‘Sexing up’ gas mileage for America’s good

Large engines, big wheels and women in tiny outfits have long been hallmarks of auto shows. But an admittedly unsexy, yet important, feature of cars remains neglected: gas mileage.

At this year’s Detroit Auto Show this trend continued. The New York Times reported how General Motors vice chairman Bob Lutz put on a show Tuesday involving a look-alike stunt double to hype his company’s new 500-horsepower Corvette Z06 and 440-horsepower supercharged Cadillac STS-V during a press conference without mentioning how inefficient most of his company’s cars are.

Naturally, the type of person in the market for the luxury cars Lutz unveiled probably does not care much about such trivialities as gas mileage. If they can afford such cars, they can likely also afford to pay for as much gas as they need.

But the underlying problem, that of the ever-increasing pace of resources being wasted on fuel-inefficient vehicles, will come to the attention of drivers rather fast as oil continues to become scarcer.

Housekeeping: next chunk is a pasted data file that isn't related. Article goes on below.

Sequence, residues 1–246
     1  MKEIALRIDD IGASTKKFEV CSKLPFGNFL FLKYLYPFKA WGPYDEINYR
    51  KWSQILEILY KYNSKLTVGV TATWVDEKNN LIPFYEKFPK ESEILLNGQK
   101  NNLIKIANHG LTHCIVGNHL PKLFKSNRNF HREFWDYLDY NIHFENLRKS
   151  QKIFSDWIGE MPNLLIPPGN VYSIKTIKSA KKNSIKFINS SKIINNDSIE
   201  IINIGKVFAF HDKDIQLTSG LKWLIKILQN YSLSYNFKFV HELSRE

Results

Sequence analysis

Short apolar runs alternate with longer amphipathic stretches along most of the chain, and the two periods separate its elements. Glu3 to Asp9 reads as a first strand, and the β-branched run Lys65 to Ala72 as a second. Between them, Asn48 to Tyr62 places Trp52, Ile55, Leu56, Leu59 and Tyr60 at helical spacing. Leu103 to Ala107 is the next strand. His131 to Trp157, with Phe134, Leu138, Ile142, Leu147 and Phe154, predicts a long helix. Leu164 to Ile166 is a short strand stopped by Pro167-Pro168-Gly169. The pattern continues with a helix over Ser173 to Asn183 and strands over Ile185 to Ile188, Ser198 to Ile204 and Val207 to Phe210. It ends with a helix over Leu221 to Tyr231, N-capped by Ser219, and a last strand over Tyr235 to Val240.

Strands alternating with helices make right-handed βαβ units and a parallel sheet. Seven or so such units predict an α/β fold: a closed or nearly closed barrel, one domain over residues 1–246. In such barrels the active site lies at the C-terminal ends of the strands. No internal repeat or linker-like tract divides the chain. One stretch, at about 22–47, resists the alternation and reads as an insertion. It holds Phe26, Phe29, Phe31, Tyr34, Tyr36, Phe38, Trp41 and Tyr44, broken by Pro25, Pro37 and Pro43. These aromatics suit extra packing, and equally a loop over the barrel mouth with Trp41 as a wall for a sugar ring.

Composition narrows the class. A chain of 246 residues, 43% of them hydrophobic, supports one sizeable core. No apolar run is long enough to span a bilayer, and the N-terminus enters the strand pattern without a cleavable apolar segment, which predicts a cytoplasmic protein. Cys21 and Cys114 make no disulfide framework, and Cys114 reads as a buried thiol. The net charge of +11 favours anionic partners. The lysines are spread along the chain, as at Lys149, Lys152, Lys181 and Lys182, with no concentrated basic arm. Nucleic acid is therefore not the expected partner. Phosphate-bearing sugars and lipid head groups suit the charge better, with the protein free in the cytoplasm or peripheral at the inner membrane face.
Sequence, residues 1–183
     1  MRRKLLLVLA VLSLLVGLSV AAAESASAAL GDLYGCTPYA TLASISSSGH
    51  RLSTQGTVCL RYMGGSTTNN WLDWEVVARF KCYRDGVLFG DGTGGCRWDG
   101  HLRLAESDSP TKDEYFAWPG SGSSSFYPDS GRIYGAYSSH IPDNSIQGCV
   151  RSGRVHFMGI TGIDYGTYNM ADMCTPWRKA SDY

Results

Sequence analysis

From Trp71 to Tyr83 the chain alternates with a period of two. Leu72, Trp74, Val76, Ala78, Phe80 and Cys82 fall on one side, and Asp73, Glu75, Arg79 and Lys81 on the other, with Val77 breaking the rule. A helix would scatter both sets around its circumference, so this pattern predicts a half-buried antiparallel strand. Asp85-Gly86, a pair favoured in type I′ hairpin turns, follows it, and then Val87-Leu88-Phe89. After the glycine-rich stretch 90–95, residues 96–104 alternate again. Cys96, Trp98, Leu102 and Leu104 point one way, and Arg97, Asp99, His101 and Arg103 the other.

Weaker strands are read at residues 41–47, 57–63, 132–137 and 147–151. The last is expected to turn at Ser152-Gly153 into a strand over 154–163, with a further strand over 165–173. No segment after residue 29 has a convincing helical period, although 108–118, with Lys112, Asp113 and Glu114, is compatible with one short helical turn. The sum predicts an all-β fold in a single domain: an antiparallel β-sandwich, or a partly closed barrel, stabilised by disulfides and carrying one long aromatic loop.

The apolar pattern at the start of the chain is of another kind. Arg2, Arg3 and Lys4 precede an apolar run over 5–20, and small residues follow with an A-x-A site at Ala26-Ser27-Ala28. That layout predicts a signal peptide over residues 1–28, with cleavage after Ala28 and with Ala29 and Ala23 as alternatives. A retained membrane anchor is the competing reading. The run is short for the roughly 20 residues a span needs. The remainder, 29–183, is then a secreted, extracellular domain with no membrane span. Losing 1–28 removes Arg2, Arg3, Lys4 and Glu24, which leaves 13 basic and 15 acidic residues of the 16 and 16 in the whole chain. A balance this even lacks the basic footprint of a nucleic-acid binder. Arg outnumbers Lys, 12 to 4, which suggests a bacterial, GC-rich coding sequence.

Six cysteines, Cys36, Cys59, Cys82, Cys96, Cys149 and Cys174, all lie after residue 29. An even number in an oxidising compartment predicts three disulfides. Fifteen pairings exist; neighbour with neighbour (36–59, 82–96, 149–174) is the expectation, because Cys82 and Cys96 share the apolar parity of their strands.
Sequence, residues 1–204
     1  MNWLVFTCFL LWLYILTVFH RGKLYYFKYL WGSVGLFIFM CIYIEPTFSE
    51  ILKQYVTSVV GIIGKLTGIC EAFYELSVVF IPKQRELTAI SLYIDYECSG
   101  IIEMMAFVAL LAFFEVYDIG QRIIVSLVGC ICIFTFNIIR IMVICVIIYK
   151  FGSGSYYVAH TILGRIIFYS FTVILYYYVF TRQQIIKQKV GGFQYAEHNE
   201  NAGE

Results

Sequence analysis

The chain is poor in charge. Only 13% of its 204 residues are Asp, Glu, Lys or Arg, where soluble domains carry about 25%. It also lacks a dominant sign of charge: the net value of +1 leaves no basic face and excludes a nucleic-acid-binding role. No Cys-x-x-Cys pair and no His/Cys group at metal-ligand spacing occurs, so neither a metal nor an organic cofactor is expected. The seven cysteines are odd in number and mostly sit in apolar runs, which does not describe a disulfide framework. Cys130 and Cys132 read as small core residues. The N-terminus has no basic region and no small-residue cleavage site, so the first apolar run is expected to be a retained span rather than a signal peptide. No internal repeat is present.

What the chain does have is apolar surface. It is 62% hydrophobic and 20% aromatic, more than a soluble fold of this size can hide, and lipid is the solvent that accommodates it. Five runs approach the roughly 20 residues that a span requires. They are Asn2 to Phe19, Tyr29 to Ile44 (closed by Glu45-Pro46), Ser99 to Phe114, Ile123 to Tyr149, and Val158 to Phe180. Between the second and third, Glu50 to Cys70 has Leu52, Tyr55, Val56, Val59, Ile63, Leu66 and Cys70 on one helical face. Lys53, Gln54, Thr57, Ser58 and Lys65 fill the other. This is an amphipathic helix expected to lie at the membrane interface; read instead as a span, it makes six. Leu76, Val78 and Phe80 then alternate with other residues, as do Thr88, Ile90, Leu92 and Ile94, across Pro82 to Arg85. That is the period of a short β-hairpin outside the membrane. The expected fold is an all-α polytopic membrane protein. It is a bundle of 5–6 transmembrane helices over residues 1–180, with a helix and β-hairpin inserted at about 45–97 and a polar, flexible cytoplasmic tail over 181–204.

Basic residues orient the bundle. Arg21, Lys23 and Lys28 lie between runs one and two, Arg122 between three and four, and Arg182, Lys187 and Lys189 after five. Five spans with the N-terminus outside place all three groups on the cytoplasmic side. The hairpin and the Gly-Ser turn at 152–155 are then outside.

To make matters worse, it is not only cars that depend on oil products to run. Plastics and other artificially created products also depend on petroleum as a resource. Without oil, such industries will likely suffer, affecting the overall health of the U.S. economy.

The U.S. government is only making a bad situation worse by giving tax credits to owners of so-called sport utility vehicles. The reason why such vehicles are called SUVs is to make them exempt from gas mileage guidelines by denoting them as vehicles that are not intended for everyday use. But most SUVs are not even capable of venturing off the tarred paths their owners take them on during their daily commutes. SUVs have proven unsafe, as many tip over and perform horrendously in crash tests. Yet, instead of urging consumers not to buy such vehicles, the government is giving owners a tax credit for buying such vehicles, hardly an act that exhibits vision.

There are an increasing number of vehicles with increased fuel efficiency on the market, some produced by American companies such as Ford and General Motors. While hybrids are reaching gas mileages of 70 miles per gallon, SUVs often get around eight miles per gallon. Yet the public is largely unaware of the advantage such cars have while delivering essentially the same driving experience.

The American automobile industry will have to do a better job of educating the public about such benefits. If it does not adapt, it risks losing its market to European and Japanese car companies — which have long been producing economical vehicles — or causing a global oil crisis. Neither scenario would be of benefit to U.S. citizens.